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A Disturbing Illustrative History Of Blackface In America
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Throughout the 19th century, minstrel shows were one of America’s favorite ways to kick back and have fun. People around the country would flock out to theaters in droves, ready to laugh at white men in blackface plucking at banjos, banging on tambourines, and pretending to be as dumb as bricks.

It was entertainment. It was, the people thought, simple fun. They just turned off their minds and laughed — either unaware of or unconcerned about the blackface's insidious implications.

Minstrel shows affected the way in which the nation saw an entire race of people. These minstrel shows did more than entertain – they changed the way people thought. For many white people, the only exposure they had at all to black Americans came through the blackface caricatures that they saw on stage.

They would watch stock characters in tattered clothes struggling through a broken, Pidgin English. They’d laugh at the simplicity of these character’s minds — and, often, they’d accept these characterizations as a mirror of reality.

Finally, as public opinion started to turn against slavery, southern whites started playing up the stupidity of minstrelsy's black characters. Whites used the minstrel shows to show black people as dumb and savage, as people in need of the whips and chains of white civilization to keep them from going wild.

Following the Civil War, minstrel shows helped give birth to the Jim Crow Laws. These laws were named after a recurring character played by a white man in blackface who acted the fool – and who, in the minds of white America, epitomized the nature of black people.

Even as black people started earning their freedom, minstrel shows still ruled their lives. The first black entertainers could only get work by playing minstrel roles in vaudeville shows and circuses. They dressed up like caricatures of their own race and pretended to be idiots, the men often wearing dresses and padding their behinds. The only way they could get work was to – in the words of Frederick Douglass, "pander to the corrupt tastes" of the "filthy scum of white society."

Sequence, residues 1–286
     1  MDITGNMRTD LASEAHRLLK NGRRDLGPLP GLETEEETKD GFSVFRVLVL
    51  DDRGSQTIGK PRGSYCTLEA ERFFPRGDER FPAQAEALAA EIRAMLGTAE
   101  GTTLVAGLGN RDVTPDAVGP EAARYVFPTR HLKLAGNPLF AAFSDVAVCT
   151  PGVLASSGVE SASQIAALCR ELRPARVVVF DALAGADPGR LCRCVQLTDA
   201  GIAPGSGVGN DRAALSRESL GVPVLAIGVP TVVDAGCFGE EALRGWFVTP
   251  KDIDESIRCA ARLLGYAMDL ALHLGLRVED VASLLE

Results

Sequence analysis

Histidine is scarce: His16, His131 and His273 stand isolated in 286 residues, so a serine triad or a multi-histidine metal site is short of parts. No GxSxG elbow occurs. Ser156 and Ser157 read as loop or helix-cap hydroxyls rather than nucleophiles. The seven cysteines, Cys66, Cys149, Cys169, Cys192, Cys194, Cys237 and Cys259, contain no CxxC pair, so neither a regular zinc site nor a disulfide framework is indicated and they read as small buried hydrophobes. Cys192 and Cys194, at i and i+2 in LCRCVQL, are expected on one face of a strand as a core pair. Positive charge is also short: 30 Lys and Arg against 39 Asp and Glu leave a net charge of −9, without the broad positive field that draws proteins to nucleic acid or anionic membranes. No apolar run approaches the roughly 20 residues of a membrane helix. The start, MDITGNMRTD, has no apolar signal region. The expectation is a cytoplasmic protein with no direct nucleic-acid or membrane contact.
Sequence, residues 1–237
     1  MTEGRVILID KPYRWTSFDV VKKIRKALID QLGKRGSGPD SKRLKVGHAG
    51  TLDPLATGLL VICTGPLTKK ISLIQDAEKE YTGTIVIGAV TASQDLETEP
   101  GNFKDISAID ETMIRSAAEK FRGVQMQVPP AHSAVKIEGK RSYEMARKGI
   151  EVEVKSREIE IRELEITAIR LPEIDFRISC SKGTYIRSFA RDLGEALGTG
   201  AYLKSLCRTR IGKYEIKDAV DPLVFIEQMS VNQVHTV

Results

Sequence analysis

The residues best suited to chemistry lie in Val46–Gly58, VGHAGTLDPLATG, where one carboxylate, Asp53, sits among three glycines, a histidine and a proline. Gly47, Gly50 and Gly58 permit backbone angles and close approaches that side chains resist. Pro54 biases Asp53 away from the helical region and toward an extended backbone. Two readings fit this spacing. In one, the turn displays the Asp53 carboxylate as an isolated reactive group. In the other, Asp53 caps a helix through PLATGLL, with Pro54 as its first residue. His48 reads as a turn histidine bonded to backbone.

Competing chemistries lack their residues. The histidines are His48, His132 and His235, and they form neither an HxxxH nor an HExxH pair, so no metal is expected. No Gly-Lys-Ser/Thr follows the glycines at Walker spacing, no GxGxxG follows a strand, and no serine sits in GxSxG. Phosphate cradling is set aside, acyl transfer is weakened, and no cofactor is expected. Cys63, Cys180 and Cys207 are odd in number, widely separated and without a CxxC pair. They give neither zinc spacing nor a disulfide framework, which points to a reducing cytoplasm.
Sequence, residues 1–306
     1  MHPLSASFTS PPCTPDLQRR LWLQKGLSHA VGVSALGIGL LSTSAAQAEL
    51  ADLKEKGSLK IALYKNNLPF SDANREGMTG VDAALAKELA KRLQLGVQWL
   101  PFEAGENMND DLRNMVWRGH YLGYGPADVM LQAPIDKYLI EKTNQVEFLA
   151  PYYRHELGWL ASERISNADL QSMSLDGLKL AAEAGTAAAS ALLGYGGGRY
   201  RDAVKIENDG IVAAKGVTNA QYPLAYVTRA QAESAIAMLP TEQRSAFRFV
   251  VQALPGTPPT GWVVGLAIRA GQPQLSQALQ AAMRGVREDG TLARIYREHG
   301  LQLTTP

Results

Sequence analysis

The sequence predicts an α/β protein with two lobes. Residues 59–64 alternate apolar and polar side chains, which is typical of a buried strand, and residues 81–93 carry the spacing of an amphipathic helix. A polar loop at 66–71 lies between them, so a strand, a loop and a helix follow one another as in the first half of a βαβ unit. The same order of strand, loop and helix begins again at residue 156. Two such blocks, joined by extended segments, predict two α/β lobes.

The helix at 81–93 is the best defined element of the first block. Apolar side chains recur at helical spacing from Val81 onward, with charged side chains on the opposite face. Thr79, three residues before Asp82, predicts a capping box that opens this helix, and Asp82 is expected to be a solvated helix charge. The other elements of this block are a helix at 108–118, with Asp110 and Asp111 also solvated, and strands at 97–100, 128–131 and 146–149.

But blackface and minstrel shows aren’t just a thing of the past. They’ve lived on for far longer than most people realize. The BBC kept The Black and White Minstrel Show on the air until 1978. Old minstrel songs like "Camptown Races" are still songs we sing to our children. And even Raggedy Ann’s iconic design were both modelled after blackface performers.

Blackface represents a dark period in American history – but one that isn’t a forgotten part of our distant past. The effects of blackface still linger on today, lurking under the surface of modern life.


Next, find out about the disturbing history of Jim Crow and segregation in America.

Mark Oliver
Mark Oliver is a writer, teacher and father whose work has appeared on The Onion's StarWipe, Yahoo, and Cracked, and can be found on his website.
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